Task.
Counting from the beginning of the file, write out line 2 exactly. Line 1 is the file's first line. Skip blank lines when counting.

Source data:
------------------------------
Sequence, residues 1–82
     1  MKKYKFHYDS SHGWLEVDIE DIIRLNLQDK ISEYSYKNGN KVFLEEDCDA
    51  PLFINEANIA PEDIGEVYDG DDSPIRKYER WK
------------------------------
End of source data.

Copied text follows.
     1  MKKYKFHYDS SHGWLEVDIE DIIRLNLQDK ISEYSYKNGN KVFLEEDCDA